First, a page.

While we worry about a future where robots have taken all of our jobs, there are some we would gladly get rid of. Humans have to operate in so many dangerous situations—oil rigs, nuclear power plants, under water, fighting fires, to name a few—that a team of roboticists and computer scientists at Stanford are creating a future where we won’t have to.
Last week, they announced that their robot creation, OceanOne, had successfully explored the wreckage of the French ship La Lune, which sank in 1664, 100 m (328 ft) below the surface of the Mediterranean 20 miles off the coast of France. No human has touched the ship since it sank.
Oussama Khatib, a Stanford computer science professor who leads OceanOne, told Quartz that he’s been working on building and teaching robots to interact with the physical world for over a decade. Although the team has explored working with autonomous robots before, the goal with the OceanOne was different: The robot essentially acts as a proxy for humans in difficult-to-navigate situations.
“This is a project aimed at bringing the technology of robotics to spaces that are dangerous for humans,” Khatib said. “We know in those spaces it’s going to be very hard to create a completely autonomous system.”
OceanOne is operated by a set of controls that relay information from sensors on the robot. The sensor information allows the controls to provide haptic feedback, meaning they mimic our sense of touch. This allows the robot’s operator to essentially feel what the robot is feeling, and its onboard cameras the operator to see as the bot does. From a boat above the robot, Khatib got an immersive sense of the wrecked ship, and everything on board, as no one had for 352 years.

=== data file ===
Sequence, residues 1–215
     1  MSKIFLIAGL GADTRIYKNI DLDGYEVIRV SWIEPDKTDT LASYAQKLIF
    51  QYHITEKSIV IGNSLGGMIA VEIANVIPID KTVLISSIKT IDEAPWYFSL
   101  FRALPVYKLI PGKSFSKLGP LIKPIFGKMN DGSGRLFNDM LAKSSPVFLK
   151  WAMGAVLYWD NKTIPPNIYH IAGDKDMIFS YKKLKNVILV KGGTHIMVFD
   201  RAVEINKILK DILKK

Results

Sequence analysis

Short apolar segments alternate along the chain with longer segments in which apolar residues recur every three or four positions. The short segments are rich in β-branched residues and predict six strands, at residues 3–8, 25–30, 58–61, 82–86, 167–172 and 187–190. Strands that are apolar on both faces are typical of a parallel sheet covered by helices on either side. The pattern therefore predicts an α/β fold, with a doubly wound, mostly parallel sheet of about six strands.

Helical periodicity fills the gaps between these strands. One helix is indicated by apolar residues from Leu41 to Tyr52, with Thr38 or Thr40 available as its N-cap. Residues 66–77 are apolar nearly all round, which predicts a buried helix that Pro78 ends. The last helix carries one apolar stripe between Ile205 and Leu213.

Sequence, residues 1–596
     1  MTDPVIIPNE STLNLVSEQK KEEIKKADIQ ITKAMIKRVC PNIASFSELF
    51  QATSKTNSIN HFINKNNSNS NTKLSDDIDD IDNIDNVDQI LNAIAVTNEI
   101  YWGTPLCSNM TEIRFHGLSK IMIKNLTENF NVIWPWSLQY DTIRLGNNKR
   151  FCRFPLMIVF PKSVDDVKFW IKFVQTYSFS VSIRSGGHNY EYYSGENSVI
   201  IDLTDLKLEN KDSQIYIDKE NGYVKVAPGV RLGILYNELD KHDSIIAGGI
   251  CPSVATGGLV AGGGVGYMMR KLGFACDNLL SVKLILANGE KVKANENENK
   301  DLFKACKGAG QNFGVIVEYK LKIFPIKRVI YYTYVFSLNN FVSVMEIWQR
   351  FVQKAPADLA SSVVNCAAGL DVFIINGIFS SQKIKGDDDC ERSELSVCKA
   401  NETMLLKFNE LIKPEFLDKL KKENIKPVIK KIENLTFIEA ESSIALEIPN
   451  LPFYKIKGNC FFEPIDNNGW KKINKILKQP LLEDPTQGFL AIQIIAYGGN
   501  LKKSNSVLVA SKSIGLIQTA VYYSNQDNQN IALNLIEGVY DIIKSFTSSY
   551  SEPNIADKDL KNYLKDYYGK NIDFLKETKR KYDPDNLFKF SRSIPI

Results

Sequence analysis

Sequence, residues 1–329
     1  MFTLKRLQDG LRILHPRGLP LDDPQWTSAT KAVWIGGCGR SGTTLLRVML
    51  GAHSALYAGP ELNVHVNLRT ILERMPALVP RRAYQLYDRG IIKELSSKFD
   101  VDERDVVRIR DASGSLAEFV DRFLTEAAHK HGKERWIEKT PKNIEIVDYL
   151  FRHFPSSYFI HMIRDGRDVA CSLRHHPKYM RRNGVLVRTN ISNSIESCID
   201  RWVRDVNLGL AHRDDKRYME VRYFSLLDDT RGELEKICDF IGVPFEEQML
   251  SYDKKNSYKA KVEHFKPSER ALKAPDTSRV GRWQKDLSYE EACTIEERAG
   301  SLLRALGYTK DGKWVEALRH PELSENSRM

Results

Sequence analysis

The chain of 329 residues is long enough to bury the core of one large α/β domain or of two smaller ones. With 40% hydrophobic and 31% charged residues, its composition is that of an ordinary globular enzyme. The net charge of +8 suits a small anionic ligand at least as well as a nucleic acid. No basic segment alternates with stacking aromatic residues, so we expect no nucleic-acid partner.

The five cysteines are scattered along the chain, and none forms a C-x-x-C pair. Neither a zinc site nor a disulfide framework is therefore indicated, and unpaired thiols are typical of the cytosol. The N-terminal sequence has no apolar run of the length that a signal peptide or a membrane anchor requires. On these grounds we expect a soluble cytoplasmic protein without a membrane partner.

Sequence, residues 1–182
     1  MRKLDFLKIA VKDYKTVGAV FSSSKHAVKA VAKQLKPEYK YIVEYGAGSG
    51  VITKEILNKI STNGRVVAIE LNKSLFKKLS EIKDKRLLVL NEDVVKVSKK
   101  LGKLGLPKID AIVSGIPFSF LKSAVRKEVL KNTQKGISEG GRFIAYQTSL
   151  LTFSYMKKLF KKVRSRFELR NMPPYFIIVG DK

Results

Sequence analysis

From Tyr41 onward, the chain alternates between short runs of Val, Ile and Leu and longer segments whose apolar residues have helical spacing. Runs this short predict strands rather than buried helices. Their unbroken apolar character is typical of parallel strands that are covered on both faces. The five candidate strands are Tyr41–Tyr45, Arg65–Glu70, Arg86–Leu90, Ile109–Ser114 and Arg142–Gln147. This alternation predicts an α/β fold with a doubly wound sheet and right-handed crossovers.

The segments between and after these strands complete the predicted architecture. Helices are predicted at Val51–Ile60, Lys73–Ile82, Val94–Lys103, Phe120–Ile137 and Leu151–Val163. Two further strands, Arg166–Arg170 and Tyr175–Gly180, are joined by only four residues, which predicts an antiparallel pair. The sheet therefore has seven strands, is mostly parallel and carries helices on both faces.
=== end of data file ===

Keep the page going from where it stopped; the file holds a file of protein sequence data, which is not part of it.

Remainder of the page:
Most of today’s robots, Khatib said, work well enough in structured environments, but can’t perform as well as a human when the situation is unpredictable. Khatib’s bot leverages the strength and reliability of a robot with the dexterity and planning abilities of a skilled human.
Having successfully explored the wreck, OceanOne is enjoying some down time at a museum in Marseille, France. Khatib said that 2,000 people visited the robot April 30, marveling at a bot that looks like cross between a Transformer robot and an orange ninja.
Khatib’s team anthropomorphized the robot’s design, giving it a face and human-like arms, to make it adaptable for many roles.
“It is true if you have a specific task you can build a specific robot to do it,” he said, “but if you want versatility—if you want to operate in a human environment—humans are the best.” His research into “human-centered robotics” aims to create a general purpose robot.
For now, OceanOne will embark on more archeological dives, and Khatib will work on improving the bot’s hands and vision—there’s talk of exploring a Roman shipwreck. He wants to build more versions of the bot that could tackle similarly dangerous environments.
He suggested that Schlumberger and BP are interested in versions of the bot that could take on tricky tasks in oil fields, leaving the humans controlling the bots nestled away at a safe distance. Such bots could be used in many different dangerous situations.
“This is going to happen: We can have robots that can intervene in real time through experts,” Khatib said. “We want our robots to eventually become commercial and used by everyone.”
The robot will soon return to Stanford for refurbishment and upgrades before its next endeavor. For now, some rest: “The robot really likes France,” Khatib said.